- This is referred to as the "Purple Triangles of Doom" because of the aura of purple triangles floating around the Archvillain's head. When they point up he has magnitude 50 protection against most status effects on top of the magnitude 6 protection that he would have as a normal Elite Boss. When the triangles point down, then he only has the magnitude 6 protection. This up and down cycle is not very obvious with all the other visual effects going on during battles, so usually nobody notices that they are down unless the Archvillain is suddenly locked in a Hold. For reference, your average status effect tossed around by the player will at most have a magnitude of 3.
- The vast majority of Final Fantasy bosses are immune to any form of instant death attacks, status effects, and Percent Damage Attacks. There'll occasionally be one or two bosses in a game that the spells will work on, to reward players that Try Everything, and there's frequently a slots combination that'll kill anything, though.
- Surprisingly, in the original Final Fantasy I, it is possible to defeat elemental fiend Tiamat simply by having a Black Wizard cast Break on her and turn her to stone.
- In addition, the final boss can be killed by casting Bane, a One-Hit Kill spell. It doesn't always work, although that's no problem since you can infinitely cast Bane using the Bane sword as an item.
- Final Fantasy IV has the Dark Elf, a challenging midgame boss, unless you cast Weak on him, which drops him to single digits. This weakness was removed in the remake.
- There's a glitch in early versions of Final Fantasy VI that can let you use instant death spells on bosses. There's still a boss vulnerable to X-Zone in recent versions, but he's supposed to be.
- Odin's Zantetsuken in Final Fantasy VIII occurs randomly at a battle's start and will instantly kill the enemies unfortunate enough to get in its way, but when it occurs in a boss fight against Seifer, Odin himself gets killed.
- On the other hand, Final Fantasy VIII has Selphie's hard-to-perform Limit Break "The End" works on bosses, including the final boss Ultimecia. Also, the boss Abadon, being a zombie, can be killed simply by tossing a Phoenix Down at it or casting Full-Life.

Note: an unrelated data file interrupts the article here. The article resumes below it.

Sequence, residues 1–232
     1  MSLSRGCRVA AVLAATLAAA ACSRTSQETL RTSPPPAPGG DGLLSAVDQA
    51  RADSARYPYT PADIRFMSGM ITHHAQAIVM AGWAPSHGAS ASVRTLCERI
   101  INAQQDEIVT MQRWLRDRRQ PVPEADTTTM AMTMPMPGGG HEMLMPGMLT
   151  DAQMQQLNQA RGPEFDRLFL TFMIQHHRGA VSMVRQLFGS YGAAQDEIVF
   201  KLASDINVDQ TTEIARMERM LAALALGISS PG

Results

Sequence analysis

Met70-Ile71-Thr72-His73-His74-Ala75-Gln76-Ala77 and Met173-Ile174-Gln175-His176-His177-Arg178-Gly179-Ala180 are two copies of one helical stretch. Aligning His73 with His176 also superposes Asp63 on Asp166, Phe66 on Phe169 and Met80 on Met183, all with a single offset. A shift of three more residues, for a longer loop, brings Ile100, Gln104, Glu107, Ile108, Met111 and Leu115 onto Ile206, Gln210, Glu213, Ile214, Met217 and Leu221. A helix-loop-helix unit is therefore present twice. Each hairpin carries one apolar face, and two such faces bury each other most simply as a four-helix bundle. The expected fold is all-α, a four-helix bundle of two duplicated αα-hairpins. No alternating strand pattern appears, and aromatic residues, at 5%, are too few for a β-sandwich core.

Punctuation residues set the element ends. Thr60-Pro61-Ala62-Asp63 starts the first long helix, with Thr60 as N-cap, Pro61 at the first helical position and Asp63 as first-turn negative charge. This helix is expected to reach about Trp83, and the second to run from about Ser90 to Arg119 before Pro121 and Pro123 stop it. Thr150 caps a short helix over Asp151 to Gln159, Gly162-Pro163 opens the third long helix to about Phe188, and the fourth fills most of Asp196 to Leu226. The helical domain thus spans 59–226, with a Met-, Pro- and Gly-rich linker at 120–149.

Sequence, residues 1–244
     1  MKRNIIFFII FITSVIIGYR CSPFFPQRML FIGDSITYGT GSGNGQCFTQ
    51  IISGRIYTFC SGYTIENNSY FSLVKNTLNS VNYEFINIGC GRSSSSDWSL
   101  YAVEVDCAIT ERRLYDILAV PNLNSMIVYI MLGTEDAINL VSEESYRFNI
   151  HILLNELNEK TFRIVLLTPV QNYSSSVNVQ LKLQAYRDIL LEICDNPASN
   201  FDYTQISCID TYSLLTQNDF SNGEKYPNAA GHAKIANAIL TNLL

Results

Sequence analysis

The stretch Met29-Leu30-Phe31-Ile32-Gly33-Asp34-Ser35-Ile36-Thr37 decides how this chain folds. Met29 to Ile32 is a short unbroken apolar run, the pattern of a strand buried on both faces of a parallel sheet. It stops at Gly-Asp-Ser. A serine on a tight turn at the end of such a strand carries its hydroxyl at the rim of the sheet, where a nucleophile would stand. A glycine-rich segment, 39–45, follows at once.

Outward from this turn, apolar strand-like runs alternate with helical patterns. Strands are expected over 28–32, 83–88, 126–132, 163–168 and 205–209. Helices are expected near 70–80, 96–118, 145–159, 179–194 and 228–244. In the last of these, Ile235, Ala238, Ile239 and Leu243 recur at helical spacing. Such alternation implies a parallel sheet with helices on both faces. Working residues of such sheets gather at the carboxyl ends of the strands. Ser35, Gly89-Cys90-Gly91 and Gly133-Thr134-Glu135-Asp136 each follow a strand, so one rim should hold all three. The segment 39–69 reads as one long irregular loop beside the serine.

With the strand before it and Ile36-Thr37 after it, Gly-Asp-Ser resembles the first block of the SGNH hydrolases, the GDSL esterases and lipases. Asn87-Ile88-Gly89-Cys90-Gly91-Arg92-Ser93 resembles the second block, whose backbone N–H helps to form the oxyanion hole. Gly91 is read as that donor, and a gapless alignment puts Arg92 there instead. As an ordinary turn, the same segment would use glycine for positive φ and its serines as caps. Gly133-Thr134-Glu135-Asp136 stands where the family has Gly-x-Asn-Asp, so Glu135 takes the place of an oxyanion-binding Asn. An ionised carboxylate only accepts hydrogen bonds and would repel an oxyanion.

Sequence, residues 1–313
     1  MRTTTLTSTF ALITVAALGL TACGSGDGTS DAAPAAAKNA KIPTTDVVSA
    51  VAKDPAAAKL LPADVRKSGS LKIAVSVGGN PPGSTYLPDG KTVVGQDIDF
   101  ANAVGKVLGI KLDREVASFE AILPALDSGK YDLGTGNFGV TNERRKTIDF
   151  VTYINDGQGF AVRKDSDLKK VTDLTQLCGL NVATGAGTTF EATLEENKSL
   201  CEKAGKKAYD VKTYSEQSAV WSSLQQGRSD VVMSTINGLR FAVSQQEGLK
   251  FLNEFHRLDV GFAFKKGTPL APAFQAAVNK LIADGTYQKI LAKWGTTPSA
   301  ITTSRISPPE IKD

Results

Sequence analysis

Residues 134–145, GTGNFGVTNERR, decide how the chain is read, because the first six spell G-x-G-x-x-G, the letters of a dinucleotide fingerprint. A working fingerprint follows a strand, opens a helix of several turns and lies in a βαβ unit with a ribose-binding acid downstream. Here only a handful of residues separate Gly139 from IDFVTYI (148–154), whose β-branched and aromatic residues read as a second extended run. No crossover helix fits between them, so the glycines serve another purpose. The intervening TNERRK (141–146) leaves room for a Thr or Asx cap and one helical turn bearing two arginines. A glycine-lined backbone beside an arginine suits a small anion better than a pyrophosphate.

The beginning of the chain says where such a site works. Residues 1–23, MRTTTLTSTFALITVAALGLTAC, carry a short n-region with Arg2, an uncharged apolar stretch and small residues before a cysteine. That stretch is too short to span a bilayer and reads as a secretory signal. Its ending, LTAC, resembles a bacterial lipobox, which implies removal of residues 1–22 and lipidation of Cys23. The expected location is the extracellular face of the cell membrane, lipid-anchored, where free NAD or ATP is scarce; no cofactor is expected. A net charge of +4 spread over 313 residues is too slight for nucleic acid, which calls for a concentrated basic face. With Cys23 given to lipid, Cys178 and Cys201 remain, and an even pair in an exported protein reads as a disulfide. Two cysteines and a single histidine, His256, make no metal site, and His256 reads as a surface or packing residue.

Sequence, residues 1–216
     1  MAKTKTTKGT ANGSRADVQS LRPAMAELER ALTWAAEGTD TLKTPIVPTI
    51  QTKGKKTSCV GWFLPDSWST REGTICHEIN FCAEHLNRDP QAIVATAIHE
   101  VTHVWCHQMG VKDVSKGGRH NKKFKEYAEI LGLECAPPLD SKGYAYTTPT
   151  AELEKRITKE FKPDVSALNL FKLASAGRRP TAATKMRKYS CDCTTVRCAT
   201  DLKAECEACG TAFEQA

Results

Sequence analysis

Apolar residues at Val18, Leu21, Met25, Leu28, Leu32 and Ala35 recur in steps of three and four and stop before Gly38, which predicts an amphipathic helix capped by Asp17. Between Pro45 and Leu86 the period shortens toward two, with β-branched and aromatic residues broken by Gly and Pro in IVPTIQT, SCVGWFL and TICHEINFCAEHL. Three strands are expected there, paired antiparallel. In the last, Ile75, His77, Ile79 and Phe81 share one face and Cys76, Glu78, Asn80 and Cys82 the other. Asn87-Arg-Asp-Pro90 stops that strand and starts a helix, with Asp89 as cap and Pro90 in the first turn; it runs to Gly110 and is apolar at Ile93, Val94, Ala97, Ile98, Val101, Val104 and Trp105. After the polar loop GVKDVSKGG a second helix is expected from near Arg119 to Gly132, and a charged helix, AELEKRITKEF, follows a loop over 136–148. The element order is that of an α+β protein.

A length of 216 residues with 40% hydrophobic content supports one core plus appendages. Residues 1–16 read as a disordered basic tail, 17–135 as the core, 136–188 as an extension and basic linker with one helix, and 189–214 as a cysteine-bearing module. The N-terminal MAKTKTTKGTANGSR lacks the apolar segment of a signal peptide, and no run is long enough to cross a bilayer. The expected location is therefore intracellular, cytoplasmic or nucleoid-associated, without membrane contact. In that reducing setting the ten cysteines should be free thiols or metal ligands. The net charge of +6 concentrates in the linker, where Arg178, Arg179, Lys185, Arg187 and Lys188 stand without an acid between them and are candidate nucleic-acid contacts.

- Final Fantasy X gives us Yojimbo, who can perform One Hit Kills on any enemy, be it random encounter, final boss (not that you need it), and all the bonus bosses with his Zanmato move. However, this requires either understanding a farcically complex mathematical formula, or giving him more than half your money.
- Surprisingly, in the original Final Fantasy I, it is possible to defeat elemental fiend Tiamat simply by having a Black Wizard cast Break on her and turn her to stone.
- Geno Whirl of Super Mario RPG does 9999 damage when done with a frame-precise timed hit. All enemies have less than that; the Final Boss has 8000 HP. Most bosses are immune to this attack, however, save for one.
- Adventure Quest made a marathon Bonus Boss immune to elemental-resistance-shuffling after someone figured out that they could use a class ability that dealt percentage-based fire damage, and the monster's 1275% energy weakness, to one hit kill an Eldritch Abomination. It dealt billions of damage.
- See also the ones that are immune to Power Word Die.
- In Mass Effect 3:
- You have The Dragon Kai Leng The first time you meet him, he runs away, the second time, you fight him, but every time his shield is taken down he runs off and recharges, no matter how powerful the gun you have. Even in his last appearance you can't just hit him with everything you have and just win, he has to be taken down in stages. In addition, Stasis will never work on him, even though he is unarmored.
- At one point in the game (the Prothean Archives) you have to chase an enemy boss (Dr. Eva Core). While you and your teammates have an assortment of powers that should slow down or stop that boss enough for you to easily catch up, none of them have any effect.
- Moraff's World and Dungeons of the Unforgiven (Roguelike RPG of approximately 1990) have the Holy/Nuclear Hand Grenade which instantly kills the monster. Usually. Bosses catch it and give it back to you. If you try any instant kill/disable spell - they say right away that it won't work.
- In Pokémon Mystery Dungeon the player is not allowed to use Orbs in a set boss battle, probably because things like the One-Shot Orb (that does exactly what it sounds like) and the Itemizer Orb (which turns an enemy into an item) would make it too easy.
- Oddly averted in the case of Stun Seeds, which can render bosses incapable of doing anything until they're damaged or a huge number of turns pass, thus giving you plenty of time to strengthen yourself with supportive moves or pick off their minions without them bothering you, which can turn an otherwise difficult battle into a cakewalk.
- The boss of Septerra Core was immune to insta-kill attacks and only flinched on high-power attacks. However, using the cloak spell prevented him from landing his one-hit party-kill attack against any party member.